In the early 1900s an educator named Caroline Pratt invented what are now referred to as Unit Blocks. These blocks were made from taking 1 block which would represent the primary block size (or one unit) and then additional blocks representing one fraction, or a multiple of the unit block. Pratt believed in providing open ended materials for young children and today some version of her unit blocks can be found in almost any preschool classroom any where.
First, make sure you are giving your children plenty of room. The only thing that should limit a child when they are playing with blocks should be their imagination. So push that coffee table out of the way. Move those shelves back. Give them room to create!
Next, from time to time add something new to your block area. One week you could add farm animals, the next match box cars, any thing that will spark the imagination. Blocks can represent ANYTHING. They can be a zoo or a spaceship or a train station or a doll house. Throw some new elements in and see what your kids come up with.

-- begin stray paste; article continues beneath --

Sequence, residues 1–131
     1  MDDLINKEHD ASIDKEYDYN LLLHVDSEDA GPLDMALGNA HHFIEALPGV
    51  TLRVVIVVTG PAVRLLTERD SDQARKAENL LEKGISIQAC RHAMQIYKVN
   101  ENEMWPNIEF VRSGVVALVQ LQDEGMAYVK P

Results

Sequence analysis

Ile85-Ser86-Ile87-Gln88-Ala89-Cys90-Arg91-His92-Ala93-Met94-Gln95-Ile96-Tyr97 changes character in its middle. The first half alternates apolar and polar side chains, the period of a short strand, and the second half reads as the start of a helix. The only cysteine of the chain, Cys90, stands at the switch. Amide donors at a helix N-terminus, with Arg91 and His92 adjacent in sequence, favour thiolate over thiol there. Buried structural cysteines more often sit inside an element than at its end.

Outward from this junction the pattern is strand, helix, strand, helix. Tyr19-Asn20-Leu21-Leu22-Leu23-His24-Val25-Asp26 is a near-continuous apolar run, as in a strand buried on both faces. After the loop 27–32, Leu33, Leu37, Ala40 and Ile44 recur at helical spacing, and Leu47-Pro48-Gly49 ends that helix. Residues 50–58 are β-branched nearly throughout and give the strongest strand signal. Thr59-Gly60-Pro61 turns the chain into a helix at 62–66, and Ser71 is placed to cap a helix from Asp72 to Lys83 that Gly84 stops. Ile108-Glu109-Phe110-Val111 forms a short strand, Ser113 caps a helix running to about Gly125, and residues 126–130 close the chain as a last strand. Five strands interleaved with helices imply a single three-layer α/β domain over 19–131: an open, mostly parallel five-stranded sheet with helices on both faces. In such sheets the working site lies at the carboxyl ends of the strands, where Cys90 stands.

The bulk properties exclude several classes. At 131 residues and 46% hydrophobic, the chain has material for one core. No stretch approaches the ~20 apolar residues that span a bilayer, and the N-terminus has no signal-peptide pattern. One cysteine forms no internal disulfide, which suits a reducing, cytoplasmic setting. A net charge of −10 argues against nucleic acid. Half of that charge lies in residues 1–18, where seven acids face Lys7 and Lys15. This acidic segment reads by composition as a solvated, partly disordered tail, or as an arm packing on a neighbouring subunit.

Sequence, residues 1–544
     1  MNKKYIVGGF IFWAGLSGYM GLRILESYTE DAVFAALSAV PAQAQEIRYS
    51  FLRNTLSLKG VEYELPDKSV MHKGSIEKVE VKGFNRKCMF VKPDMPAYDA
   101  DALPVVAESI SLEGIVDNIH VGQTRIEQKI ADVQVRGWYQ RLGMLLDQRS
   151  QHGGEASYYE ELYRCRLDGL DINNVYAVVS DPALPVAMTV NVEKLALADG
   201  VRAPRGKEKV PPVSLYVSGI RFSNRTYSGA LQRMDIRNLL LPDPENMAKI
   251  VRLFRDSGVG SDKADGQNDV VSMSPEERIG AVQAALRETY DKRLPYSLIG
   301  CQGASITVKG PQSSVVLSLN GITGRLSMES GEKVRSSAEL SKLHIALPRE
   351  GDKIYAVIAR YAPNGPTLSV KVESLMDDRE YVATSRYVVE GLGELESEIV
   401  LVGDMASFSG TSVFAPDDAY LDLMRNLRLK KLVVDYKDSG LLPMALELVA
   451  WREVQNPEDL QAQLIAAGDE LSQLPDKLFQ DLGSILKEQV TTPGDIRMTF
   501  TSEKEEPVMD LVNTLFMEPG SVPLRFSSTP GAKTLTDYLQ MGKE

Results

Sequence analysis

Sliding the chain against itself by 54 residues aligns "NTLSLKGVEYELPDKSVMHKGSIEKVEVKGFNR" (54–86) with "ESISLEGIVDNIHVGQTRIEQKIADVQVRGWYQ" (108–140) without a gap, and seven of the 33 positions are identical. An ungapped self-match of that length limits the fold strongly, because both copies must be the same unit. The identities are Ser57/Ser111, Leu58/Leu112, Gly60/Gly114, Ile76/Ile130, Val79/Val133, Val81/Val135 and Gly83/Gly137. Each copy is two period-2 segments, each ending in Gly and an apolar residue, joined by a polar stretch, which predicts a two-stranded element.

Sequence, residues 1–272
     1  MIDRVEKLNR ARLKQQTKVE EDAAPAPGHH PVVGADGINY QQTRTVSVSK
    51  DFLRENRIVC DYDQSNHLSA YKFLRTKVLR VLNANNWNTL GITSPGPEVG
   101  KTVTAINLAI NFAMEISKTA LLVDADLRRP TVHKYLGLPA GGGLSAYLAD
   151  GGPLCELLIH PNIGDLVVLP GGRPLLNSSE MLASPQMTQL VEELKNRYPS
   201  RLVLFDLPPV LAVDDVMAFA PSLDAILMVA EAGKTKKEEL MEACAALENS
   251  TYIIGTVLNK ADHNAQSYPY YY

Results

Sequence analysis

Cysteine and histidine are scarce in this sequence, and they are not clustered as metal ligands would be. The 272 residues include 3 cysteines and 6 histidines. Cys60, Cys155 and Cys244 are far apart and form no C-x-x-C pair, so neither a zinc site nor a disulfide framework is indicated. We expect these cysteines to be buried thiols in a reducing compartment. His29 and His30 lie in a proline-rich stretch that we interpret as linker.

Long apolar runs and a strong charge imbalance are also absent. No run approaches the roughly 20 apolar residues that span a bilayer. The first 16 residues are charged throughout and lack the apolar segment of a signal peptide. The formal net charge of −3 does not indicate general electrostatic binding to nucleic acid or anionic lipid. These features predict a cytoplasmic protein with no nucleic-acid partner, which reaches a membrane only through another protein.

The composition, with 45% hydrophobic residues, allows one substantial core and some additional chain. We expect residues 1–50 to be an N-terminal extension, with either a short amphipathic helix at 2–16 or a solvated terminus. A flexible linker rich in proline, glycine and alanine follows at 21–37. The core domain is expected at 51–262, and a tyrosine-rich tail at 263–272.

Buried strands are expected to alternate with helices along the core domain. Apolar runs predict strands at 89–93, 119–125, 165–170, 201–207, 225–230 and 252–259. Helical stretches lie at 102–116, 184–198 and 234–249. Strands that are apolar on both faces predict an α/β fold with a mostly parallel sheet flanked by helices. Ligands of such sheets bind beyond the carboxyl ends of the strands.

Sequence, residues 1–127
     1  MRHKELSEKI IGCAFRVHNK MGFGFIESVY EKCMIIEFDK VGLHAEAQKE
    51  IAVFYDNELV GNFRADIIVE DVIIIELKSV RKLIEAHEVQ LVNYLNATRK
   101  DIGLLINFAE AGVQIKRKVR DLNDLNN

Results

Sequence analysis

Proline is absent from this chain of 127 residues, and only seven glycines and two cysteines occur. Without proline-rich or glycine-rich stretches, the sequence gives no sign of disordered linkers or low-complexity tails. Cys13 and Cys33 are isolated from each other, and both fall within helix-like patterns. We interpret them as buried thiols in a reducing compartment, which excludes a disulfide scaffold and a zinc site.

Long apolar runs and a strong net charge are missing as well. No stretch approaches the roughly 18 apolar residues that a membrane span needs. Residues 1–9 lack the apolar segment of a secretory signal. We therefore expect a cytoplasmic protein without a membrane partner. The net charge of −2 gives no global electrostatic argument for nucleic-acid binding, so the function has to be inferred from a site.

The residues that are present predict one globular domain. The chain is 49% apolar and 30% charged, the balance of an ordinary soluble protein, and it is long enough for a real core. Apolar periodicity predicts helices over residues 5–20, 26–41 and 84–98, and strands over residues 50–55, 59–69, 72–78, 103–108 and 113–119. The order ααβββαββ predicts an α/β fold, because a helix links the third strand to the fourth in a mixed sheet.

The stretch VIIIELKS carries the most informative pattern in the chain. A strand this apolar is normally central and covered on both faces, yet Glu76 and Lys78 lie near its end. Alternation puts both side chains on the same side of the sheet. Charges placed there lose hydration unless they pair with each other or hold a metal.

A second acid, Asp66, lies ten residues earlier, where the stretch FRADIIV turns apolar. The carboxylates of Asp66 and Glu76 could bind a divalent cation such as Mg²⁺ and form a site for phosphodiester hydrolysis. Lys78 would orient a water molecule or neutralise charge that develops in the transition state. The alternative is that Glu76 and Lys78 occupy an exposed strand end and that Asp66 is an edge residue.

Think about rethinking your rules for clean up. Some children will spend a lot of time and a lot of planning when creating some of their block masterpieces. Consider letting them leave it up for a while. Or keep a camera handy so they can have record of all the cool things they have made.
Here, Bug is stacking granite tile samples.
Quirky momma from the Kids Activity Blog made her family tree blocks from...you got it...trees!
The possibilities are endless and the benefits are well worth the effort. Have fun with your blocks, and thanks for stopping by.